Container FFAs come of age

After many false dawns, container forward freight agreements (FFAs) are gaining traction during the current liner chaos being experienced around the world.

Last week London-based Freight Investor Services (FIS) completed contracts on container FFAs for the month of March on the Asia to Mediterranean route at a level of $7,900 per feu, a rate based on the Freightos Baltic Exchange (FBX13) daily index, suggesting the current container bull run has legs.

We will see an increase in the use of these tools because they can help manage price volatility

Mark Jackson, chief executive of the Baltic Exchange, commented: “The concept of index-linked floating contracts and FFAs in the container market for freight forwarders, shippers and carriers is not new. But the ability to benchmark a contract against a robust, trustworthy index which comes under the umbrella of a UK regulated organisation is a potential game- changer for the container freight industry. The daily FBX Index provides the market with a credible and fully transparent reference point. It is based on the world’s largest global database of multimodal freight rates using real-time data from logistical providers and overseen by an institution whose information already underpins billions of dollars-worth of physical and forward freight contracts in the dry bulk, oil and gas transportation markets.”

FIS has noted a marked increase in inquiries for pricing and trading tools in the current volatile and uncertain market with counterparties still looking to hedge in future rates, even at these elevated levels.

Lars Jensen of SeaIntelligence Consulting noted : “It seems some market participants clearly expect high Asia-Europe rates to persist. That some companies have entered into FFAs at a level of $7,900 for all of March shows that some parties now firmly believe that the high rate levels are likely to persist at least for the next three weeks. We are about to see an increase in the use of these tools precisely because they can help manage the price volatility in the market.”

Rates on the FBX13 Asia to Med route have increased from $2,350 at the end of October 2020 to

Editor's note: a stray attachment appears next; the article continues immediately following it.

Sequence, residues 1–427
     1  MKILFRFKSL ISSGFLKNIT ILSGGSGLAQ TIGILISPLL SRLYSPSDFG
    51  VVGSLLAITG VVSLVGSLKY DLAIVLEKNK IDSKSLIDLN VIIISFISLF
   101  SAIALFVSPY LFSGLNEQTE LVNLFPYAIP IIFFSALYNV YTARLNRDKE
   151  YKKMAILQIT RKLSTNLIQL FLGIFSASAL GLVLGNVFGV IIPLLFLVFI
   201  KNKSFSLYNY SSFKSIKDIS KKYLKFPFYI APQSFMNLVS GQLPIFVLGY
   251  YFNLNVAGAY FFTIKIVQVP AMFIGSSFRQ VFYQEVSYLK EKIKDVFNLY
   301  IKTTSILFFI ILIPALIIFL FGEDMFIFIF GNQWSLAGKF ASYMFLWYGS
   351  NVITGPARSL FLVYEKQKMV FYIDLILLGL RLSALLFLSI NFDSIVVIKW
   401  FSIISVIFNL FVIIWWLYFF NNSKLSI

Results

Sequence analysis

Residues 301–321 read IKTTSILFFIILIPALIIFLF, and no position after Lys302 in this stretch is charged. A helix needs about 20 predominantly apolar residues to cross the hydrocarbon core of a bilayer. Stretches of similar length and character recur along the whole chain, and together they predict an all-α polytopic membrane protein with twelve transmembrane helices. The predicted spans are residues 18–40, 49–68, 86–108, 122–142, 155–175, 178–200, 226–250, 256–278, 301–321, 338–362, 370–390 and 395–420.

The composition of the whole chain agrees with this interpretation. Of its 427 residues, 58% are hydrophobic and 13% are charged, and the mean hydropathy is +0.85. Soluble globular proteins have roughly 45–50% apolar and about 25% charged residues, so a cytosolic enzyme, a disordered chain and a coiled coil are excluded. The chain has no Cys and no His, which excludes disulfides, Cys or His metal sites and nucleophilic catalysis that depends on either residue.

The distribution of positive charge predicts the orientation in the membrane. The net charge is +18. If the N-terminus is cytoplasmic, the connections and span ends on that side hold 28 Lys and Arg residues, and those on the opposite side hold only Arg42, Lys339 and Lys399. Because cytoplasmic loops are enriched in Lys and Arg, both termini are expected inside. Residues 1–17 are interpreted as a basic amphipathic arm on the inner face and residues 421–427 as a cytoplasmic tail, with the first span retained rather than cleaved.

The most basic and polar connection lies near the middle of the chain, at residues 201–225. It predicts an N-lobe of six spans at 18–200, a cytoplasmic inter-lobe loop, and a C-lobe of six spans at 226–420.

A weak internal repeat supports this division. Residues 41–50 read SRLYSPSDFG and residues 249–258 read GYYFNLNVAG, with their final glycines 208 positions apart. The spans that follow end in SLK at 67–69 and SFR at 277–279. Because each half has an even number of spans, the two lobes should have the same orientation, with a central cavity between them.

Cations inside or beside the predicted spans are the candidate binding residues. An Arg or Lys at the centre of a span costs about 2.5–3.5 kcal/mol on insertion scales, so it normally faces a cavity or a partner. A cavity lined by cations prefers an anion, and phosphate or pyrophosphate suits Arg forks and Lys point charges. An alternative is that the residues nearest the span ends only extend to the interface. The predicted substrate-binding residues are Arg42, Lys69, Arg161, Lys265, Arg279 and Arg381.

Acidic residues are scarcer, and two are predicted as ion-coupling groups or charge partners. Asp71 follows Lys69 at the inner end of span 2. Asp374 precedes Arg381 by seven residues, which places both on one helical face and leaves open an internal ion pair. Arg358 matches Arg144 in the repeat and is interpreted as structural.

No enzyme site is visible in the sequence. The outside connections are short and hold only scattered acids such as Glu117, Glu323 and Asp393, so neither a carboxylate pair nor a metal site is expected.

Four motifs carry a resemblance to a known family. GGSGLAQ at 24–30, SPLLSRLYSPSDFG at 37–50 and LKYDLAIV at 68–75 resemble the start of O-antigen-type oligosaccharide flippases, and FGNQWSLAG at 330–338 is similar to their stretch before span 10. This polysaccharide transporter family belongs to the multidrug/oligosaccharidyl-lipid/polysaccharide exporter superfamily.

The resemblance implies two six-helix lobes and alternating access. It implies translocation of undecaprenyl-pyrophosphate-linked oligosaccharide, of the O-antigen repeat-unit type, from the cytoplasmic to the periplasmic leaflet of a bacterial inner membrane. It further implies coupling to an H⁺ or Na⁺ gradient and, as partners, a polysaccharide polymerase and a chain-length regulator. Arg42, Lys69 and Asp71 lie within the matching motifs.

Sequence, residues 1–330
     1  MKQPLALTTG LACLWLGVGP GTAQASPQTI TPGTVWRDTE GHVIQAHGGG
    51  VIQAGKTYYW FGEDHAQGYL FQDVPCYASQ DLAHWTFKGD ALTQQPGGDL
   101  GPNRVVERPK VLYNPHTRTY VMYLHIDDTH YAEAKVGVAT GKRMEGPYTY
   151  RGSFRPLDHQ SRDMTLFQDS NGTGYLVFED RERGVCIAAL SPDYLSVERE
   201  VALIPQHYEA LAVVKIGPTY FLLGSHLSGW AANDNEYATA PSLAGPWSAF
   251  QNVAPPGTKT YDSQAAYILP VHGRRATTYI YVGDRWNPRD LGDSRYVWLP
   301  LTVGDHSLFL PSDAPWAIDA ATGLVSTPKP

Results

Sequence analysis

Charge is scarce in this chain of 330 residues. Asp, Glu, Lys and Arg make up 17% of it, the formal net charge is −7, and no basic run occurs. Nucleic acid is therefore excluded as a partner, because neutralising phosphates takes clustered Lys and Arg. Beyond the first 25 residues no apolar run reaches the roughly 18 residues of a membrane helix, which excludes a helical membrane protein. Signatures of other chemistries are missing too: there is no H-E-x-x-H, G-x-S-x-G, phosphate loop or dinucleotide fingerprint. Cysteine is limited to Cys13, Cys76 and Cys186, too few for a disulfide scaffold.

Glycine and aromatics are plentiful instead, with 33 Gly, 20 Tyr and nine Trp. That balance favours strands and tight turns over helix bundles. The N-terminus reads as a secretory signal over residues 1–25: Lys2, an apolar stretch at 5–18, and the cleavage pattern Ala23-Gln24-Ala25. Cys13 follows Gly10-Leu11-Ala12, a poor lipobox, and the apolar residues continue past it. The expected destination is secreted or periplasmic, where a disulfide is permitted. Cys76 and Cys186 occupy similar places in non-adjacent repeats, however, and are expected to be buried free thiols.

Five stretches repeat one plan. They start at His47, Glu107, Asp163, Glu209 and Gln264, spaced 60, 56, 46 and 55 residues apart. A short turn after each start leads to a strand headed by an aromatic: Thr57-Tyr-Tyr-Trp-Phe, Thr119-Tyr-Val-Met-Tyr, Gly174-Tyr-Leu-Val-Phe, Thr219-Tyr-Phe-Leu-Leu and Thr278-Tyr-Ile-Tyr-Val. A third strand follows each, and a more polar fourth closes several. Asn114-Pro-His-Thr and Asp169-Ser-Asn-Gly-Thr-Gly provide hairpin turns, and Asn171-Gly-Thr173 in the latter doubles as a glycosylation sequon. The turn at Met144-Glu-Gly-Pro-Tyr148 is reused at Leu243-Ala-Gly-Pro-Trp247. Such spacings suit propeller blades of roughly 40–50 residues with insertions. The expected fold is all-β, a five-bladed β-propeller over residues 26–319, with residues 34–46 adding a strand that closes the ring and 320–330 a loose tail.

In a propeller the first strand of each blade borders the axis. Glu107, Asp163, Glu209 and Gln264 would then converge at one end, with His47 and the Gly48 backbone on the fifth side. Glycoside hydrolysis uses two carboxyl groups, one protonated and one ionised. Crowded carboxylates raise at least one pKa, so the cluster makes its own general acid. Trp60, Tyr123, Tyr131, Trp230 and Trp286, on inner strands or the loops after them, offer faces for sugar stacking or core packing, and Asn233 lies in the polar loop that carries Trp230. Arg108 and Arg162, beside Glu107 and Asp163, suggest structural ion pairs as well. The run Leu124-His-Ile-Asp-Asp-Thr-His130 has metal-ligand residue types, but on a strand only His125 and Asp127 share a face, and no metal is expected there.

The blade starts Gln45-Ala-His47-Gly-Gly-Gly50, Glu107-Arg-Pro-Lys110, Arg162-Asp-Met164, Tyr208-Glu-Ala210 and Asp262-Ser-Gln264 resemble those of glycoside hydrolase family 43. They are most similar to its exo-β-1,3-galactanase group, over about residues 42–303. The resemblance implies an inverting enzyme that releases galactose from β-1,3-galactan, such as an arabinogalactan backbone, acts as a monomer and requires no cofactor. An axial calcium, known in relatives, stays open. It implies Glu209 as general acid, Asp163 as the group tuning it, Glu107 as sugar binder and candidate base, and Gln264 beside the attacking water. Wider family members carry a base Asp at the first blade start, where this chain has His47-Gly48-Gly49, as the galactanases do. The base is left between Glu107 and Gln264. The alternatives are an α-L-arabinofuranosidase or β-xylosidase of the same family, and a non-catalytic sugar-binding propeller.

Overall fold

$8,066 on March 12, nearly a 250% increase.

Javier Romeu, CEO of freight forwarder Tiba Group, said: “With volatility at all-time highs, we see an increasing demand by shippers to get fix long term contracts that carriers don’t always feel comfortable offering. As a freight forwarder, we see FFAs as the right tool to fill that gap.”

In a release from FIS Keith Gaskin of Seko Logistics explained why container FFAs had taken so long to gain traction.

“The main reason why derivatives didn’t take off when they first came up around 10 years ago was a lack of liquidity in the market, but that has changed and when you have liquidity you can spread your risk far better because you need liquidity to have pricing that is indicative of where it should be,” Gaskin said.

Peter Stallion, a container FFA broker with FIS, commented: “After more than a decade of indexation, container FFAs have come of age, offering a cost-effective and flexible means to manage container freight volatility.”

Another winner from the ongoing container crunch has been the New York Shipping Exchange (NYSE).
The exchange was launched in 2017 as a new way to contract ocean freight, where the shipments are guaranteed by the carrier and committed to by the shipper.

Gordon Downes, founder and CEO of NYSHEX, told Maritime CEO last month that the ongoing container bull run had led to “rapid” growth for his platform, both in terms of containers contracted through NYSHEX and in terms of new shippers making two-way committed contracts through the platform.

“What is most encouraging is that despite all the volatility in the container markets during 2020, the shippers and carriers who had NYSHEX contracts benefitted from 99% compliance,” Downes said, a remarkable figure when the average booking roll-over rate was 37% according to Ocean Insights.

Sam Chambers

Starting out with the Informa Group in 2000 in Hong Kong, Sam Chambers became editor of Maritime Asia magazine as well as East Asia Editor for the world’s oldest newspaper, Lloyd’s List. In 2005 he pursued a freelance career and wrote for a variety of titles including taking on the role of Asia Editor at Seatrade magazine and China correspondent for Supply Chain Asia. His work has also appeared in The Economist, The New York Times, The Sunday Times and The International Herald Tribune.


  1. The main reason why derivatives didn’t take off when they first came up around 10 years ago was………because BCOs and forwarders believed they were better off playing the market as day traders and there was no evidence to suggest that a futures gamble would yield any better results.
    Now the feeling may be more about self-protection but I wonder if the futures market and the resultant freight rates will be a guarantee against short shipments and rollovers?

    1. Hi Martyn,

      The general attitude we’ve seen is for use of FFAs in combination with a roster of other contracting methods (including ‘two-way commitment’ contracts), which makes complete sense. This also means that counterparts can do what they must to secure capacity, whilst trading of the FFAs may allow for positions to be closed should a hedger be unable to secure physical capacity, or have zero consumption of container capacity.

      A basic hedge may also involve customers paying spot price for physical capacity, putting the carrier in a better position to stick to contract commitments given the carrier is being paid an attractive rate.

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